Labour Law


Labour laws (also known as labor laws or employment laws) are those that mediate the relationship between workers, employing entities, trade unions and the government. Collective labour law relates to the tripartite relationship between employeeemployer and union. Individual labour law concerns employees’ rights at work also through the contract for work. Employment standards are social norms (in some cases also technical standards) for the minimum socially acceptable conditions under which employees or contractors are allowed to work. Government agencies (such as the former US Employment Standards Administration) enforce labour law (legislature, regulatory, or judicial).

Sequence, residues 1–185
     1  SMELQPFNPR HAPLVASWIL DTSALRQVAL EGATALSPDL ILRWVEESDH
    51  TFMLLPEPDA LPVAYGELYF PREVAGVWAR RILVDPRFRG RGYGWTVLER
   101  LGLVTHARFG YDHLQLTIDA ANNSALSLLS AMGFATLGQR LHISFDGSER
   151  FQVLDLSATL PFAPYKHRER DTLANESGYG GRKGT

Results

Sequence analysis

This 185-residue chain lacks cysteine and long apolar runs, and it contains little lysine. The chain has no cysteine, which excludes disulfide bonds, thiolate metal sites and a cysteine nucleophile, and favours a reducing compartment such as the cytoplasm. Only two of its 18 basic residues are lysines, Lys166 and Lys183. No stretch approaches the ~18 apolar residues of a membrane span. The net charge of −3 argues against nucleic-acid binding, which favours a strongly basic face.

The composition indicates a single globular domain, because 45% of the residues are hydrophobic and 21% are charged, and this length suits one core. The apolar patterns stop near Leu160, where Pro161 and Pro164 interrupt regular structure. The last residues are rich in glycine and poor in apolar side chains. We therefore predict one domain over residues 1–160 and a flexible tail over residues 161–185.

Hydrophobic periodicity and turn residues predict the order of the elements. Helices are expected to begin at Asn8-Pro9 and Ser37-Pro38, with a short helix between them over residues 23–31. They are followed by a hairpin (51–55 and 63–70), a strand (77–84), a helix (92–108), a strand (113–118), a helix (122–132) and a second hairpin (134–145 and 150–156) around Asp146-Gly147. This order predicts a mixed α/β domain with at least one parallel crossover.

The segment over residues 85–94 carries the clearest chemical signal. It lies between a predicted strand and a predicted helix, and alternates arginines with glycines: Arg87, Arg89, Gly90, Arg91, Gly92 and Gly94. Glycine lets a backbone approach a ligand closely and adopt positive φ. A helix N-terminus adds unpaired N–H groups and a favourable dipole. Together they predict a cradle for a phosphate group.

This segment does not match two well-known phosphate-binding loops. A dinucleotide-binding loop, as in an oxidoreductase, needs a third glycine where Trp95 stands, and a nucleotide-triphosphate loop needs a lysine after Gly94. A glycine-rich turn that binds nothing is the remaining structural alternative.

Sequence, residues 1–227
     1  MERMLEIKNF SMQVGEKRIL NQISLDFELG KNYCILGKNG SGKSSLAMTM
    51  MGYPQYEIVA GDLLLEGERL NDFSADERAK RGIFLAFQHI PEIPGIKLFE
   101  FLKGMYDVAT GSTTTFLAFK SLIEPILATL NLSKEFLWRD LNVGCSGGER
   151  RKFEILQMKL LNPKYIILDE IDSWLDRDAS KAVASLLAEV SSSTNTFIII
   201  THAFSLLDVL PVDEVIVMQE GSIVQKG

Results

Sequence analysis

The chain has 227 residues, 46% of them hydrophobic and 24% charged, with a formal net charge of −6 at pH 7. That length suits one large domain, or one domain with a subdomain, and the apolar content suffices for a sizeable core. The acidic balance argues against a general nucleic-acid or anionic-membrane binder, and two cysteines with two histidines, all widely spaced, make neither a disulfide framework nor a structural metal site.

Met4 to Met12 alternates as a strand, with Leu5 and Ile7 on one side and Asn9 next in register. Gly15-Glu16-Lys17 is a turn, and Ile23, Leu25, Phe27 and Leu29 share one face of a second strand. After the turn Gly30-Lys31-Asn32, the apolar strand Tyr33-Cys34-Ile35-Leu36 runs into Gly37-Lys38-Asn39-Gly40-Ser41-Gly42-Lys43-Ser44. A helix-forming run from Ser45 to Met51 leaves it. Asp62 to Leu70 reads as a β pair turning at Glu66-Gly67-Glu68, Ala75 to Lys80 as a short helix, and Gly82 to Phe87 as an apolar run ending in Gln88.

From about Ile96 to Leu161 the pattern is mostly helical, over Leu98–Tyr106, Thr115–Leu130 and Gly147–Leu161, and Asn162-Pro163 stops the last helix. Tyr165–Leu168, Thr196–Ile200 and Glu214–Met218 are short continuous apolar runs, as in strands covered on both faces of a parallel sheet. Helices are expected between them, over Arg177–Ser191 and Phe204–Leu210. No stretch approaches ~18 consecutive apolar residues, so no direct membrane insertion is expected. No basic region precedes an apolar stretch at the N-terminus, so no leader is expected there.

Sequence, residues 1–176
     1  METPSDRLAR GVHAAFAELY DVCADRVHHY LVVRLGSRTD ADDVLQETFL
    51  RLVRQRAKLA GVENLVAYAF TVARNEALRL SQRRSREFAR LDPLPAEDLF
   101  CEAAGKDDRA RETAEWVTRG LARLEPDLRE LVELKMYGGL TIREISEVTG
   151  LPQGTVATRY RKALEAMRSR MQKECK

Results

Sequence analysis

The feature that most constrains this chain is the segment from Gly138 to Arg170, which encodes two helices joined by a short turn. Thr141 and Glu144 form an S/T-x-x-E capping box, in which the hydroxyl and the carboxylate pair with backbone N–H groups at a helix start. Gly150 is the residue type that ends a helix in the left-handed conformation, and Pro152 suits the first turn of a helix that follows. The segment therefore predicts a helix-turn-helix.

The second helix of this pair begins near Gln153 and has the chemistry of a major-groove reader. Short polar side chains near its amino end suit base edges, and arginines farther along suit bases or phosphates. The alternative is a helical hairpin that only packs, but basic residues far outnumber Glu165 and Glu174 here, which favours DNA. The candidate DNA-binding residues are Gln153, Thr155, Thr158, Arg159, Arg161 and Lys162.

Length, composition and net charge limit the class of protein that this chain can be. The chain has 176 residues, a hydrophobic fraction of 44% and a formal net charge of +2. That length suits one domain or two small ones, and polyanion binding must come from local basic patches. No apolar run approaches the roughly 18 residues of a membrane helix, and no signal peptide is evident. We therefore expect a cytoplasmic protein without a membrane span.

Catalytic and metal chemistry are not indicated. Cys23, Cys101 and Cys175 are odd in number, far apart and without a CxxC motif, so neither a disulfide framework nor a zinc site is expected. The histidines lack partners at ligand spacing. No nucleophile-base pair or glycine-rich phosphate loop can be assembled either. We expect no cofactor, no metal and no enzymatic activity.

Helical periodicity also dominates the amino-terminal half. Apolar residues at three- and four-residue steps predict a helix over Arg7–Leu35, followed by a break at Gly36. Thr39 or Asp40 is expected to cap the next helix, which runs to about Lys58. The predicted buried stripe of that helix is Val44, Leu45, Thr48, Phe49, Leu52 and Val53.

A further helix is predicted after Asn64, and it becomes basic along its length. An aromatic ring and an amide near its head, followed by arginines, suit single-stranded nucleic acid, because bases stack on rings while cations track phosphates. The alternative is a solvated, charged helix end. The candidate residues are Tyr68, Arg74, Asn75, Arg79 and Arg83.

Collective labour law concerns the relationship between employer, employee and trade unions. Trade unions (also “labour unions” in the US) are organizations which generally aim to promote the interests of their members. This law regulates the wages, benefits, and duties of the employees, and the dispute management between the company and the trade union. Such matters are often described in a collective labour agreement (CLA).